I'm here in this forum on behalf of my brother, age 42, just diagnosed on 14 Feb with aggressive metastatic , stage 4 prostate cancer. It's a shock we are all still coming to terms with and we are finding the situation bewildering, largely because we are highly uninformed about cancer, what all the terms mean, the different types, stages, and treatments, and don't know how to interpret what is going on with him and how to deal with it in terms of understanding how bad it is, or isn't. After blocking it all out of his mind inititally, he and we are now waking up to the reality of this and need to know how to deal and how to go forward. He is now depending on us, wider family, to find out what we can and to guide appropriately, so this is an education for alll of us. By way of background, he is married with three children, the youngest almost four years old; and his wife has some severe health issues going on as well, so an overall difficult situation. He has worked pretty much all his life and gave the impression of being fit but has been going to the docs on and off with back pain, now diagnosed as cancer. We've managed to get together some of the medical records for the purpose of getting a second opinion and considering the possbility of treatment options abroad. The medical stats make no sense to us as at all, we simply do not know what it all means, so if anyone here can help to interpret all this we will be very grateful. He had the biopsy on or around 9 Feb. Prior to that severe back pain but no problems with mobility or balance. Since the biopsy he has deteriorated significantly - experiencing severe pain in hips/buttocks, legs, losing balance and mobility ( possibly some incontinence as well). Initially we all panicked and thought this is cancer/cancer pain and it's spread with the biopsy but some internet research suggests it could be the result of infection. Has anyone else experienced this? Is this "normal" pain post biopsy? The course of anti biotics has finished; because there was a lot of pain over the weekend he will of course contact the urologist today about the pain and see what he says. To make matters worse, the urologist, who was the first point of contact in all this, and the one to break the news, was not happy about us saying we may be thinking of getting a second opinion and asking for copies of medical records. And, post biopsy, some tablets that should have been given/prescribed were not prescribed and those tablets - we think -were to stop the cancer spreading. Five days after the biopsy the urologist checked what medication he had been prescribed and noted that this tablet had not been given or prescribed, and then gave it to him. He had the first hormone injection last Tuesday and sees a chemotherapist tonight. These are the results so far - please help us to understand these results and what it all means: MRI for back pain on 1 Feb: MRI lumbar scan - central disc herniation at L5/S1 level "impinging slightly on both S1 nerve roots" Annular bulge at L4/L5 - does not appear to be causing any nerve root impingement widespread abnormaility of marrow signal in all lumbar vertebrae and sacrum consistent with multiple secondary deposits view of pelvis shows extension of abnormal marrow throughout bones and in proximal femoral left iliac wing considerably expanded by presumed secondary deposits craggy prostate gland with apparent tumour extending beyond capsule on left side posteriorly some enlarged pelvic lymph nodes most likely due to disseminated carcinoma of prostate Radiologist Report, imaging on 3 Feb multiple lytic lesions throughout axial skeleton, largets within left iliac blade associated with soft tissue mass and left symphysis pubis no collapse of vertebrae enlarged lymph nodes, largest at right common iliac bifurcation 26mm diameter and in left para-aortic region 32mm diameter small consolidation within right mid zone, no evidence of pulmonary metastasis, no thoracic lymph node enlargement; no pleural effusions liver clear;cholecsystectomy noted; pancreas and kidneys spleen unremarkable. 10mm left adrenal lesion of uncertain significance large amount of nodularity within mesorectal fat. conclusion: bony metastases, largest within left iliac blade, amenable to biopsy primary not identified but suspect prostate given MRI right common iliac and left para aortic lymph node enlargement left adrenal lesion of uncertain significance mesorectal fat nodularity 9 Feb protate biopsy 10 Feb, histopathology report PSA90 Tier 4 + IHC/PP ( not sure if this is a clinic reference number or a result) right apex - core 15mm L 1mm D 1(1) a/e right mid -core 17mm L 1mm D 1(1) a/e right base - core 20mm L 1mm D 1(1) a/e left apex - 2 cores 15mm + 7Mm L , 1 mm D 2(1) a/e left mid - 2 cores 15mm + 7mm L, 1mm D 2 (1) a/e DjM 10.2.12 Jj 10.2.12 needle core biopsies all prostate tissue. sections show infiltration by adenocarcinoma Gleason score 5+5=10, present in all cores apart from those from right mid proportions ranging from 80-100%; extensive necrosis. immunostains to exclude neuro endocrine differentiation in progress supplementary: with immunostains tumoural cells are negative for CD56, chromogranin , synaptophysin and TTF-1,this excludes neuro endocrine differentiation weak but definite staining with PSA Lb 14.2.12 Letter 6 Feb from urologist to orhtopaedic surgeon PSA 90.91 ug/L imaging shows bony metastases in pelvis and abdominal lymphadenopathy history back pain;minimal voiding symptoms family history unremarkable may benefit from targeted radiotherapy 14 Feb letter from urologist to family doctor he is well and got over prostate biopsies well biopsies show adenocarcinoma Gleason pattern 5 chance this is neuro endocrine tumour, further staining being undertaken provisional histopathological stage Gleason 5 + 5 started casodex last week ( maybe this is the one that was delayed by five days post biopsy) next week will have first LHRH anologue injection, decapeptyl1. That's it. We do not undertsand it all and it is frightening. We want to undertsand all this and face it and deal with it. Then we can give the right support and talk through the options realistically. This is what we have in mind right now : to see professor Vogl at University Hospital Frankfurt to consider what options he can offer - this might include chemo embolisation and radiation ablation; we do not think these treatments are available in UK (London) which is were we are. But if he is started on traditional chemo/ radiation now , we are not sure if the 2 treatments can work alongside each other or whether we have to opt for one or other. Someone in the family suggested seeing a urologist in Germany who specialises in cancer - that's causing us a bit of a dilemma as we don't know which of the 2 would be best. Vogl isn't a urologist but he does the chemo and radiation so we're thinking maybe that's the best starting point for a second opinion and maybe he can go for a course of treatment - which we think is less invasive overall.Costs of course are a major consideration. If these treatments are not available in UK we hope there might be a chance of recovering these costs under the NHS, but don't know for sure. What are we looking at in terms of posisble treatement options/ best treatment options and what should we expect in terms of pain? Could the pain he now has be cancer pain? or is it from infection post biopsy which will clear with anti biotics? It's very confusing. Thank you for reading all this. Any/all input really appreciated.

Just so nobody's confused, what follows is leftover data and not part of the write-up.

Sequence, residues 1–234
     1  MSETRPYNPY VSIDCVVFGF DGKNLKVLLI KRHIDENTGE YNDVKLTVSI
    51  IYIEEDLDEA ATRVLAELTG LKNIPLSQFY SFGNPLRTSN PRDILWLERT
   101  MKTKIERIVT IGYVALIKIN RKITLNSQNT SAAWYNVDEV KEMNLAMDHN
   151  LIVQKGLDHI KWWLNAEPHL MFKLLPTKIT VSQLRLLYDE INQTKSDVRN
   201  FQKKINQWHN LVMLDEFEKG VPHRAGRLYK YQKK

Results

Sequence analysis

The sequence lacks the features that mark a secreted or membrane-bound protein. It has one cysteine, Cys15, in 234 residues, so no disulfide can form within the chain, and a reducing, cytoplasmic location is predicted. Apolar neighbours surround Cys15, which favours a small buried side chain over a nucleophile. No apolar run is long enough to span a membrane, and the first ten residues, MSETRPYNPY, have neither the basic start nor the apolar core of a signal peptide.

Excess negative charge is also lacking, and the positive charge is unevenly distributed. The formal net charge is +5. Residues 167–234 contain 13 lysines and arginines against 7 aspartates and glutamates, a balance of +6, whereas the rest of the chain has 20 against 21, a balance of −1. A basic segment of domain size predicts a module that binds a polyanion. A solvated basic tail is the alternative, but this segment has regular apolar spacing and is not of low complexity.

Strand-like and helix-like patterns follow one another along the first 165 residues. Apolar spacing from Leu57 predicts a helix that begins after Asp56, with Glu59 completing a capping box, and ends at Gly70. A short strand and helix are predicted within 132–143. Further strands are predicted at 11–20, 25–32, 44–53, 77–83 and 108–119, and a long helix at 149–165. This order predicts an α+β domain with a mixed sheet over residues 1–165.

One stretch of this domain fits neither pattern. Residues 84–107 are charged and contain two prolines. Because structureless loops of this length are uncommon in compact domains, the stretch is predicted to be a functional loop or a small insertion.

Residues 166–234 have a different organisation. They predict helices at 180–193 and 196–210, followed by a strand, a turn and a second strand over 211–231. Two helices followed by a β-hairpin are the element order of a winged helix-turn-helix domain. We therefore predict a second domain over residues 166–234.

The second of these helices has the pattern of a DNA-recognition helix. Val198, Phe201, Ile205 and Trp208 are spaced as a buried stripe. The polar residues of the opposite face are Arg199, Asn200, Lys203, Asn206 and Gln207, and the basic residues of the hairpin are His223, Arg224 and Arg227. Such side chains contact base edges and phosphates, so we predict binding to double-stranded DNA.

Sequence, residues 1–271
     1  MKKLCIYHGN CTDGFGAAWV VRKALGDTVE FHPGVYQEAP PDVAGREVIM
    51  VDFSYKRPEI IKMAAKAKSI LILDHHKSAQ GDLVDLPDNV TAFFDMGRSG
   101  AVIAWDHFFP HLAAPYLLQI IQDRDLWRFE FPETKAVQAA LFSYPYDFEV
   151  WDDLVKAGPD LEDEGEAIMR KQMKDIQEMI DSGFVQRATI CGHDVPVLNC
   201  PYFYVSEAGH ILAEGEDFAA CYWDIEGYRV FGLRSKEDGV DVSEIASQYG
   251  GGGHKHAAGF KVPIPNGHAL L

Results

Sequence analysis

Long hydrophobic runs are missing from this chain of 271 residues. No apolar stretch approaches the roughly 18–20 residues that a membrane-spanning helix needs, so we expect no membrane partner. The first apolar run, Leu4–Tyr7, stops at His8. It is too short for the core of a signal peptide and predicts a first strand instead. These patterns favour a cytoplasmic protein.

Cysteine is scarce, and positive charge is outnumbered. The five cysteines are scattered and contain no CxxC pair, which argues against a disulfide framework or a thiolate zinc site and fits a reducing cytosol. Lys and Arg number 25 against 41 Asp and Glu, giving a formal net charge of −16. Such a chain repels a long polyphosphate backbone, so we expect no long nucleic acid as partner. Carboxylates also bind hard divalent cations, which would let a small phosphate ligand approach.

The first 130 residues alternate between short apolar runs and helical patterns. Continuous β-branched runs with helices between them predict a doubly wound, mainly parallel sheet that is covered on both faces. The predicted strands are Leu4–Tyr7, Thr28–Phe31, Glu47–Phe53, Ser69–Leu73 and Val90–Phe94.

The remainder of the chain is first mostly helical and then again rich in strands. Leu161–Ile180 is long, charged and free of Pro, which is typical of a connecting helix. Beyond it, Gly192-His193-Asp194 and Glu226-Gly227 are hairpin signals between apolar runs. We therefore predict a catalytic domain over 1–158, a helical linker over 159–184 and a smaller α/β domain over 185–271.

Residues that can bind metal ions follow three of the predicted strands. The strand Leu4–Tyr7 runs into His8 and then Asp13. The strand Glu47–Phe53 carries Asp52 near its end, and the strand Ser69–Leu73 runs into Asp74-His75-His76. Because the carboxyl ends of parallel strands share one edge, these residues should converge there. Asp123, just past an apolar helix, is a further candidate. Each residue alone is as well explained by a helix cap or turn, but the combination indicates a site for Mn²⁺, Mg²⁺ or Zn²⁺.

Basir U Tareen, MD responded: